The clarity and attention to detail makes this book an indispensable addition to every schools, community centers and library. It is a repository for everything yoga and how it fits into the classroom. I especially appreciated the section dedicated to teacher’s self-care. Learning how to take care of yourself will not only help to build your resilience, your ability to respond rather then react and your sense of self but it will in turn change the climate of your classroom opening up the channels for easier teaching and freer learning.

Disclaimer: The author sent me a copy of this book. All opinions are my own.

A little about Louise Goldberg: 

Louise Goldberg, ERYT 500,
is owner of Relaxation Now LLC and founder of CreativeRelaxation®. Her new book,
Classroom Yoga Breaks will be published by Norton Books in Education on November 15, 2016. Her first book, Yoga Therapy for Children with Autism and Special Needs was published by Norton Professional Books in 2013. She is a co-author of S.T.O.P. and Relax, Your Special Needs Toolbox©2006, updated 2014. Her DVD Yoga for Children ©2004 features children on the autism spectrum.

 


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Book Review: Stay Cool And In Control With The Keep-Calm Guru by Lauren Brukner; Illustrated by Apsley

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I was excited to receive my copy of Stay Cool And In Control With The Keep-Calm Guru by Lauren Brukner; Illustrated by Apsley, a book dedicated to empowering children to regulate their emotions and senses. This book is geared for children and has a “early reader” book feel with the large type face and engaging and very effective illustrations.

There are easy to follow symbols (I will make accompanying cards for easy reference.) The collection of body breaks and the checklist for the calming down process are excellent and very accessible. I personally love the included adjective charts-they are just great for empowering children to name their feelings. I also really appreciate how the book clearly defines the differences between physical, intellectual and emotional energies.

So important in the quest for self control.

The last part of the book is dedicated to the adults in these children’s lives and offers tips on how to support your child on their journey to self-discovery. The appendices are very helpful, offering various checklists, work sheets and visual sequences of the exercises in the book.

I highly recommend this book. It is a great tool for working with the wide spectrum of students/children we encounter. It is filled with practical tips on ways to identify and cope with anxiety, anger and other difficult feelings. It will be very useful to help familiarize them with basic self-control techniques and to empower them with clear, accessible communication skills.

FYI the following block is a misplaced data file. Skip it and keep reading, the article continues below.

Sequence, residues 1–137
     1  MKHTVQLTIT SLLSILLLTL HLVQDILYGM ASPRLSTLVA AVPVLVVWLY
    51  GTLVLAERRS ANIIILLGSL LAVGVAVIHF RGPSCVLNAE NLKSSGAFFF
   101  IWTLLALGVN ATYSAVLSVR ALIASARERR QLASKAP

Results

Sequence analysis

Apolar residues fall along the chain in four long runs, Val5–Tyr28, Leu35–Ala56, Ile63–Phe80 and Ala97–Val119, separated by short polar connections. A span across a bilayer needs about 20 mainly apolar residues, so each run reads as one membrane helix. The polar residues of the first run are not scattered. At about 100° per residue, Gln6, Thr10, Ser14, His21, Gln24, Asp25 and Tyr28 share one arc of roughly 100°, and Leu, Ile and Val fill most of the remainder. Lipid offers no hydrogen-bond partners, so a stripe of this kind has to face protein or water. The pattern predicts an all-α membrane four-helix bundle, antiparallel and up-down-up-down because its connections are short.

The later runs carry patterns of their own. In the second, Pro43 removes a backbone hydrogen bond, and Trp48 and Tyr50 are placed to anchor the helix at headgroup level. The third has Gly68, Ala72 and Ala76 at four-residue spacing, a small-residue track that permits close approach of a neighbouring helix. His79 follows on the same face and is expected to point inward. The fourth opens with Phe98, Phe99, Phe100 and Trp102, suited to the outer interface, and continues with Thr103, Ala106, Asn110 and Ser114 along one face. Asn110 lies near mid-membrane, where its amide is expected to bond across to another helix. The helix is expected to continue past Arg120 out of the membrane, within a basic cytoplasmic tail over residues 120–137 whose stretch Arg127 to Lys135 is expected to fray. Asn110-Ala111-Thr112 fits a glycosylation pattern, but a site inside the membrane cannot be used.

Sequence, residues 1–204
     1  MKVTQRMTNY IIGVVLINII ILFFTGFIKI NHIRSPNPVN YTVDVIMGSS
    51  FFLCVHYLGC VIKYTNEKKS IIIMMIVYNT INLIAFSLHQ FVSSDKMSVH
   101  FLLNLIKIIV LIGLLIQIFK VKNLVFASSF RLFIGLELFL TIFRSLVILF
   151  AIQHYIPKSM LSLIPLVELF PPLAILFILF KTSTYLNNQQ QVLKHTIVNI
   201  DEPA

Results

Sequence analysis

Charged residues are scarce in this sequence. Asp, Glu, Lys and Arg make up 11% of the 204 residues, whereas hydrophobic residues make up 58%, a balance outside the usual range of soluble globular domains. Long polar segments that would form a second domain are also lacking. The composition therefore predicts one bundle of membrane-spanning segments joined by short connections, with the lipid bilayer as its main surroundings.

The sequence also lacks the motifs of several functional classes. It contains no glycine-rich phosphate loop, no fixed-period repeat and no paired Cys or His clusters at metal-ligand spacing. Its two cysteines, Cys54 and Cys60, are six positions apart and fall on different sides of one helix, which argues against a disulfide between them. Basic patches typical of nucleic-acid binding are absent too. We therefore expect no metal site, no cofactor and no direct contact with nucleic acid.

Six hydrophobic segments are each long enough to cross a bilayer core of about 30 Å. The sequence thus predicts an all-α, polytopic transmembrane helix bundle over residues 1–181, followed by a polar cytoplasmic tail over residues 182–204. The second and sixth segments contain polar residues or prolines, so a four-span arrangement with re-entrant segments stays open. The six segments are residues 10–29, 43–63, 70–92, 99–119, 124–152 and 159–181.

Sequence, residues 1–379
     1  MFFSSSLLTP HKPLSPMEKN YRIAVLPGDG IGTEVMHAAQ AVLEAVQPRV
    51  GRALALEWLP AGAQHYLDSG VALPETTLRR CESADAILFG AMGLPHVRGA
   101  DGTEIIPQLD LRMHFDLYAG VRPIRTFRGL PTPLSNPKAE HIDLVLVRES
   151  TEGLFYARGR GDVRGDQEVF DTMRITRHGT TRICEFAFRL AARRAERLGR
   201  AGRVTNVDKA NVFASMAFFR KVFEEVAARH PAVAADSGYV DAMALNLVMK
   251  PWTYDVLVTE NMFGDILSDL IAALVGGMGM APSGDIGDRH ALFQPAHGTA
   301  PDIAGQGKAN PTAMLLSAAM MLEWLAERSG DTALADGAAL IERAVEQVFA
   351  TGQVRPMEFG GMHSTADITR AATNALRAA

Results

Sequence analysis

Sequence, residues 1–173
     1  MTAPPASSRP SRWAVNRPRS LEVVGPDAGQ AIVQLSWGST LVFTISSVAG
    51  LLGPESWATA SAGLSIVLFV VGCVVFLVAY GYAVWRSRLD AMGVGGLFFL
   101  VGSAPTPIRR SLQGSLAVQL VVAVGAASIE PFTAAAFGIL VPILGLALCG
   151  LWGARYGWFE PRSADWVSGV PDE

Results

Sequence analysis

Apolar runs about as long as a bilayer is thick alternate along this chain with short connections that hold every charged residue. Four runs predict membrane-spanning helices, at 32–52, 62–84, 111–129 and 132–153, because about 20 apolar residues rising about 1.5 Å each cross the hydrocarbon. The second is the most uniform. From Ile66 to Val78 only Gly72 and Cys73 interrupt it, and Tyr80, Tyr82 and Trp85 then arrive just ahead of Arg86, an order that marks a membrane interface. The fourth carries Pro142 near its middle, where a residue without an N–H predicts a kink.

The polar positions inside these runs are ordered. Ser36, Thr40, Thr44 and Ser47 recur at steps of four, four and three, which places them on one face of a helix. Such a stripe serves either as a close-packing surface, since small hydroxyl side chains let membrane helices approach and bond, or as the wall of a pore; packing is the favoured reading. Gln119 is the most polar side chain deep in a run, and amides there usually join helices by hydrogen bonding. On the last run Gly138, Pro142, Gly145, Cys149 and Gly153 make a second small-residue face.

Click here for a downloadable PDF that includes the appendices featured in the book.

Disclaimer: The publisher sent me a copy of this book. All opinions are my own.


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Flamenco Arms

flamenco armsFlamenco Arms

There are many different styles of arms, elongated and elegant; strong and sinuous. There is the classic style, lifting from the elbow or the modern style, with elbows bent and lowered first, riding tight to the body. Some arms are wild and unschooled. While still others are technical and calculated. All styles, when they are compatible with the dance, are authentic.

Your arms are never just your arms. They are an expression of your art. Next to facial expression, arms and hands are the most expressive element in flamenco dance. They capture attention as they create line, rhythm and feeling. They are the most difficult technique to master.

Learning to use your arms as part of your overall body line is of utmost importance, no matter what your style is. The arms must be extensions of the shoulders, chest, hips and legs. Arms held overhead are rarely held high enough and droopy arms are distracting and are definitely not flamenco!

 

To create the sweep for classic flamenco arms you must grow wings! Spread your back wide and lift your arms. Keep this image of wings as your back body spreads open to cradle the front body. As arms rise, shoulders must stay down and back. Not wrenched back, so that the shoulder blades pull in, but spread wide open to make the arms even longer than they already are. This is the key to the elegance and gypsy arrogance held in flamenco dance. Elbows must remain high throughout the movement as the shoulders remain down.  Feel the the initial extension of your wings from deep within muscles between the shoulders.  When you arrive at “T” position, shoulders must drop over the back of the rib cage. This will cause the front body, around the collar bones, to open wide, like a display case. There you will imagine that you are wearing a beautiful diamond necklace. This area is your display case, lift it up and display your necklace! Wear it proudly.